Three new buildings surrounding stadium will seek LEED Silver certification

by Marissa Gebhard

Green roof on Duncan Student Center

Green roof on Duncan Student Center

Duncan Student Center, O’Neill Hall and Corbett Family Hall — flanking the west, south and east sides of Notre Dame Stadium — were designed and constructed with the goal of seeking LEED (Leadership in Energy and Environmental Design) Silver certification from the U.S. Green Building Council.

With an approximate total of 800,000 square feet, Duncan Student Center, O’Neill Hall and Corbett Family Hall were built to use less water, reduce greenhouse gas emissions and be resource efficient. At least 20 percent of all of the building materials contain post-consumer and pre-consumer recycled content, including structural steel and reinforcement, concrete, metal studs, insulation, aluminum window framing, gypsum wallboard, terrazzo, spray fireproofing and ceiling tiles. Additionally, more than 20 percent of the construction materials were harvested or manufactured regionally, within 500 miles of the construction site.

The new buildings are also more energy efficient. “The mechanical systems providing heating, cooling and ventilation to the three new buildings are nearly 20 percent more efficient than that required by building code for new construction,” said Doug Marsh, vice president for facilities design and operations and university architect. High-performance window glazing with a high shading coefficient will reduce potential overheating. Using direct digital controls, the campus central building automation system will control lighting and HVAC through occupancy sensors and setback controls.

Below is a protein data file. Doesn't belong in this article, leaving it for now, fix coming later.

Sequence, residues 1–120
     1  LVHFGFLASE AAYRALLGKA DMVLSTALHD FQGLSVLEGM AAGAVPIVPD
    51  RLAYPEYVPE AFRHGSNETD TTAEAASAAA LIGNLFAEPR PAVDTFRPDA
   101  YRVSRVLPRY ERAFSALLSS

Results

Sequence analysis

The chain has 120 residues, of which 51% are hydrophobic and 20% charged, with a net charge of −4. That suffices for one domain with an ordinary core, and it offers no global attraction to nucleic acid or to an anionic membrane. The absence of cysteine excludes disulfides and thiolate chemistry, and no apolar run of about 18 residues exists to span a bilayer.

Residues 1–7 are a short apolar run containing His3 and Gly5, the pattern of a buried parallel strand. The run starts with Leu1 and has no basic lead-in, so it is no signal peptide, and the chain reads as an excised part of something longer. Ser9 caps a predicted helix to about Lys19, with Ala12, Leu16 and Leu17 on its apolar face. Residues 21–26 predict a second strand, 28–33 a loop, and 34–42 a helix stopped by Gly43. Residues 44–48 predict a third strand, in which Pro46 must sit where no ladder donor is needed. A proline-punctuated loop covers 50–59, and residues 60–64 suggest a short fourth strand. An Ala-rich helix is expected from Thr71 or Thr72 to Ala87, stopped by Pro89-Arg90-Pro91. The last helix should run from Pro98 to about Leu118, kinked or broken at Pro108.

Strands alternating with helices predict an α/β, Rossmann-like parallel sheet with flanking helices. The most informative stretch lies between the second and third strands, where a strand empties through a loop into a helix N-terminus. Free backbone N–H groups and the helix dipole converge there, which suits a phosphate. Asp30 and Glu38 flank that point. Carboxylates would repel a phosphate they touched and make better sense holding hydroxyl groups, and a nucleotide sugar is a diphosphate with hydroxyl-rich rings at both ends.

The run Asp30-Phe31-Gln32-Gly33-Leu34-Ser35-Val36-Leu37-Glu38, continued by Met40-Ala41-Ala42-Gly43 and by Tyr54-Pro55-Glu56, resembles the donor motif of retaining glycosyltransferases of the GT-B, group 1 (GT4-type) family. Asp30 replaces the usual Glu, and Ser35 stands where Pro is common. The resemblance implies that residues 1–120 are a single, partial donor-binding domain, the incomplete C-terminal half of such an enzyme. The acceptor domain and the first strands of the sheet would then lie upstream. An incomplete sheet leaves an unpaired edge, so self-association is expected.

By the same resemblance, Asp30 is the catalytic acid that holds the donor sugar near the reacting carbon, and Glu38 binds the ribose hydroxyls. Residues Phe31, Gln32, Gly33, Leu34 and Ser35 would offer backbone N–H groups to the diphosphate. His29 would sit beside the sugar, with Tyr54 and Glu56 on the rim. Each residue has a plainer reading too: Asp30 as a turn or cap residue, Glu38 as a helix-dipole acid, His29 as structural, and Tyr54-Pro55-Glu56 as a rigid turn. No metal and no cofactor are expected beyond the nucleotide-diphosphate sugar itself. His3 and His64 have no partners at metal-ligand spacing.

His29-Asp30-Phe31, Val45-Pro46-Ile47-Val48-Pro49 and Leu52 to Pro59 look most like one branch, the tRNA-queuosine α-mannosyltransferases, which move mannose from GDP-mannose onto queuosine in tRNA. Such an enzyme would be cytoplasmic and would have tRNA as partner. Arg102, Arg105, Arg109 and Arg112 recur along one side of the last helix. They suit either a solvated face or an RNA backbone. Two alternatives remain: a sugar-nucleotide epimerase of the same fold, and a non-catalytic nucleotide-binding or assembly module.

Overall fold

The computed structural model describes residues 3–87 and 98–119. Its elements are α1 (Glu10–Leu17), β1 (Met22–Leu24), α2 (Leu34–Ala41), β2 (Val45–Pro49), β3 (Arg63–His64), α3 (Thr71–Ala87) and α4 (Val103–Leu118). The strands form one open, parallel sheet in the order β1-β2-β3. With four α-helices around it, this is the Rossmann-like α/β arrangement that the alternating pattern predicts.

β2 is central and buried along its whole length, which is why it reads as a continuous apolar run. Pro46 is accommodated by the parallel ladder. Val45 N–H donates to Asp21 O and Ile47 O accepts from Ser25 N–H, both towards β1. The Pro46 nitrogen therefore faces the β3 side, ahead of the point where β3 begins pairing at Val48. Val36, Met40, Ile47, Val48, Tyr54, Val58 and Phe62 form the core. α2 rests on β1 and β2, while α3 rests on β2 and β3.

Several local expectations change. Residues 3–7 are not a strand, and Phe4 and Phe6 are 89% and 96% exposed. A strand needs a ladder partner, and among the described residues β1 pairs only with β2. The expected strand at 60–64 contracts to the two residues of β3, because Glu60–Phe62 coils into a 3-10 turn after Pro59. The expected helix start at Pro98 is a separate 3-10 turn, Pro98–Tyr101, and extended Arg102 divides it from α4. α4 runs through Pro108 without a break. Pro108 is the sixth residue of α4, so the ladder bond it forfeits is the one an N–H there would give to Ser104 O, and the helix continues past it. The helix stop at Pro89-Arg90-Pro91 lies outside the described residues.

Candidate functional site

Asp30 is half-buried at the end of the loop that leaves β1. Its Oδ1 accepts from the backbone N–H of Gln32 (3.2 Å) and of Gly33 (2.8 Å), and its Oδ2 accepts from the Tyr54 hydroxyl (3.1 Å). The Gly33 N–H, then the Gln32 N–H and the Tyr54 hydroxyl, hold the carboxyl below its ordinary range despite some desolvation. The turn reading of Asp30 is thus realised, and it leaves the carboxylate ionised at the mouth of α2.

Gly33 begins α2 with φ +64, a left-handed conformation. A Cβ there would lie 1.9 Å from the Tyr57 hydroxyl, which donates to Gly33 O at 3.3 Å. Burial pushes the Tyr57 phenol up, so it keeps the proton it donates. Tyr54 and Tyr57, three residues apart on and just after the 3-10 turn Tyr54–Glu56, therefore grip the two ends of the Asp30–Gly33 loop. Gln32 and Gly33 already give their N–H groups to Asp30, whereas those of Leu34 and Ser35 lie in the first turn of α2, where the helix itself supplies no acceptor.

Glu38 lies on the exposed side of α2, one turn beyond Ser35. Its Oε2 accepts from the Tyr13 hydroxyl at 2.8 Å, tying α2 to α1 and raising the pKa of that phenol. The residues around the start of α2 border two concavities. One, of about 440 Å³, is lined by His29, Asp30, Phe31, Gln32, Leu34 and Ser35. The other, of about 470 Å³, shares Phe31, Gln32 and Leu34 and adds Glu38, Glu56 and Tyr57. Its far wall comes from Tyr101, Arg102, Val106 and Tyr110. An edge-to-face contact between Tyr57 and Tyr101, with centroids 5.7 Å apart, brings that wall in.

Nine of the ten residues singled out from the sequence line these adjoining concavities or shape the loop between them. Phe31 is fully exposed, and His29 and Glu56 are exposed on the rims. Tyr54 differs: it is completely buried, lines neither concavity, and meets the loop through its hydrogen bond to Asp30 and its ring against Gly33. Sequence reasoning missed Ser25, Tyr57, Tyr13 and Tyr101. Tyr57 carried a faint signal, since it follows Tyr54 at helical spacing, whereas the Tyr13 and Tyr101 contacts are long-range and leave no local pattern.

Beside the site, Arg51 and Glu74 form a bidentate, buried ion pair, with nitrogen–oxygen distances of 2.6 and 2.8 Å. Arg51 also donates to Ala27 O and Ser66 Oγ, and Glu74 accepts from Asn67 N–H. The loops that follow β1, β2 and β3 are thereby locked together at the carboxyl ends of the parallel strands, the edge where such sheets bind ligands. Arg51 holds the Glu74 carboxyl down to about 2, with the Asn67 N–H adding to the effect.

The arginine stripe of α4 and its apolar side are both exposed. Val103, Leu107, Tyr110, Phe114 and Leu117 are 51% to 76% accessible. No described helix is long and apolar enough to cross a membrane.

The buildings also have reduced heating and cooling energy loads thanks to the addition of a living roof covering nearly all of the flat roof surfaces of the three facilities. This installation is the largest green roof in the state of Indiana. Besides serving as additional insulation, the green roof mitigates storm water runoff, improves air quality, reduces noise, conserves rainwater and releases it back into the atmosphere.

Water efficient plumbing fixtures are expected to reduce water use by 35 percent compared to standard new construction, and LED lighting is anticipated to reduce energy consumption by 30 to 50 percent compared to conventional lighting. Low Emitting Vehicle priority parking spaces and 90 bicycle racks will promote efficient transportation.

Throughout the construction process, the adhesives, sealants, paints, coatings and flooring met the green standards for the associations that set those standards, and over 75 percent of construction waste was recycled including concrete, metals, wood, cardboard, drywall and other materials.

Contact: Sue Lister, director of media relations, 574-631-7916, sue.lister@nd.edu